Fertilizers have tree main elements: Nitrogen, Potassium and Phosphorous. Keep in mind that each one of them has a specific function: Nitrogen focuses on feeding leaves and stems, Potassium on helping growing fruits and flowers and Phosphorous supplying the roots. During the year there are elements that are more needed than others when fertilizing. In autumn for example, Potassium and Phosphorous are needed and Nitrogen isn’t because the tree needs to get ready for the winter. The opposite occurs during spring when you need more Nitrogen than the other elements, to help on the bonsai growing. Summer is the most balanced part of the year when it comes to fertilizer elements. Most fertilizing brands show the percentage of these components on their package like this: NPK, N for Nitrogen, P for Phosphorous and K for Potassium with the percentage of the elements like this: NPK 10:10:10.
It’s important to know that when you repot a bonsai a month should pass without fertilization. Also, if your tree is sick, don’t try to cure it with fertilizer. Most fertilizing brands have instructions on how often you should use their product on your tree. Usually it shouldn’t be more often than once every two weeks.
Every once in a while you must repot your miniature tree. It’s one of the most important steps when it comes to bonsai care. This is needed because at some point the roots are going to grow extensively and the pot is going to be way too small for them. If the plant container become in what’s known as pot-bound, meaning that the root system have fill the pot, then the bonsai may be harmed. As usual, the specie of the tree may have an important role on this activity.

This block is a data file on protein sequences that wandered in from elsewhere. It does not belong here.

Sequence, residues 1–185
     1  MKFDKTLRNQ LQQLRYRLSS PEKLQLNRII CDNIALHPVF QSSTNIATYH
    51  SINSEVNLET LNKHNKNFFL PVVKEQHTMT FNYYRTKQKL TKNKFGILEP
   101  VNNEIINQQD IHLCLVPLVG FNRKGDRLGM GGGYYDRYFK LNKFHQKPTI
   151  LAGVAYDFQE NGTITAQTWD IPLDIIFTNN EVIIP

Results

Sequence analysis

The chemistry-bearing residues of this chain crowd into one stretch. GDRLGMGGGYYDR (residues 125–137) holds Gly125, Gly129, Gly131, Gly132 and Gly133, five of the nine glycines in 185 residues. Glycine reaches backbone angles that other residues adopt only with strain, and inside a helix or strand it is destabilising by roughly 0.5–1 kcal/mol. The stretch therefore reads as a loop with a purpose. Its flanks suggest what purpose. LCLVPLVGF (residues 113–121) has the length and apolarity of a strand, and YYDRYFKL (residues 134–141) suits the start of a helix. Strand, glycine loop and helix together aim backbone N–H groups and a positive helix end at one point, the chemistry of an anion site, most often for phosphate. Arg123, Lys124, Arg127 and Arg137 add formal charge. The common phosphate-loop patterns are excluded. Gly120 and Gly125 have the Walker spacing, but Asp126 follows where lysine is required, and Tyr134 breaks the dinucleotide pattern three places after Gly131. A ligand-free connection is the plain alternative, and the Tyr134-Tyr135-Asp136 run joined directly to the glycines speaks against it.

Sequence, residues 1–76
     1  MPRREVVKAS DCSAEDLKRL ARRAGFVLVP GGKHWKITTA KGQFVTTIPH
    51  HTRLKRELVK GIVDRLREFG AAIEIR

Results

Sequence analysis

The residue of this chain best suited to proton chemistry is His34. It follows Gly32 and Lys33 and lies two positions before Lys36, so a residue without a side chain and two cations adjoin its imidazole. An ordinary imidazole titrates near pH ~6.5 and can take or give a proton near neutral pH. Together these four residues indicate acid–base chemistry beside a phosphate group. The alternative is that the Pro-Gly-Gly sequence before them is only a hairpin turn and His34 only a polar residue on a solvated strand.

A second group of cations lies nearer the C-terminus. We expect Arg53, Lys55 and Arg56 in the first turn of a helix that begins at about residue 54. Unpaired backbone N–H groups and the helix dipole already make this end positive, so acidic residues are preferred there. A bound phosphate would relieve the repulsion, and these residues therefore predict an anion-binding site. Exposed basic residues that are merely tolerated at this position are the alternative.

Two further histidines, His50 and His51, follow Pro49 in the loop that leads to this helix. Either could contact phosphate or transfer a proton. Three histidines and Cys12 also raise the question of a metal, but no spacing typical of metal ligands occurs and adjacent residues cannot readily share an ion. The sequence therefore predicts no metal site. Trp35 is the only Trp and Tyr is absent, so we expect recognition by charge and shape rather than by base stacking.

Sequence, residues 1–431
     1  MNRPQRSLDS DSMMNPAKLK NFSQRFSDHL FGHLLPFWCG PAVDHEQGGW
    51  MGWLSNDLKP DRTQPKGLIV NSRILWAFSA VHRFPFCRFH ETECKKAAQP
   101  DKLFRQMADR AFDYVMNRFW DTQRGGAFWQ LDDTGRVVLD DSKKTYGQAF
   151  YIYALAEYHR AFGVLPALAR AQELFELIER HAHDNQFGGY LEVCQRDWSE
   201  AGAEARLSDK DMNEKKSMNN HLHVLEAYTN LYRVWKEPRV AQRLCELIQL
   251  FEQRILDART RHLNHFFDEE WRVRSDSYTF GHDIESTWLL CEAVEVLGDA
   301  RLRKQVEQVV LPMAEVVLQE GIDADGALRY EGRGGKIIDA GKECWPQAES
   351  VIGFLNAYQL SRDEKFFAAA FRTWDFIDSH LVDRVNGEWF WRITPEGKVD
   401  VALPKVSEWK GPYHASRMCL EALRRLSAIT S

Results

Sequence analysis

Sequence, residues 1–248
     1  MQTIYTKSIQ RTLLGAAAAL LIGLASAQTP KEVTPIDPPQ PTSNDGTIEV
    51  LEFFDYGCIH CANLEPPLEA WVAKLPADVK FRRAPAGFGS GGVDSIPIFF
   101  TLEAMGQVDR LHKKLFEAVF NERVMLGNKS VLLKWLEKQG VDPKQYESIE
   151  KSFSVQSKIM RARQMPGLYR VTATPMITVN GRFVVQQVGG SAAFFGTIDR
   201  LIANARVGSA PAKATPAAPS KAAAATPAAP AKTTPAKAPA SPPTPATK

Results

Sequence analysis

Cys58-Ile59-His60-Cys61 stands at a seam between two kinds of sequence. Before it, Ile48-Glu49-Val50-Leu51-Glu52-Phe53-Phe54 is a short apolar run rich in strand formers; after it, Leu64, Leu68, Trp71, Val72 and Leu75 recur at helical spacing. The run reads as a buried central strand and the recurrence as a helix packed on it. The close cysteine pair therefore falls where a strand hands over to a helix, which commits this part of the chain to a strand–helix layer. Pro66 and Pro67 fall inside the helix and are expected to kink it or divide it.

Usually the repotting has to be done in a specific time of the year: early spring. This is because that’s when the growing season starts, and as the branches and leaves start flourishing, the roots need to become bigger to fill the feeding necessities of the tree. In nature there’s no problem with this process but with a potted plant, there are space limits. Some bonsais may be repotted every two years, others just one, others as long as five. It depends mostly on how fast the tree grows.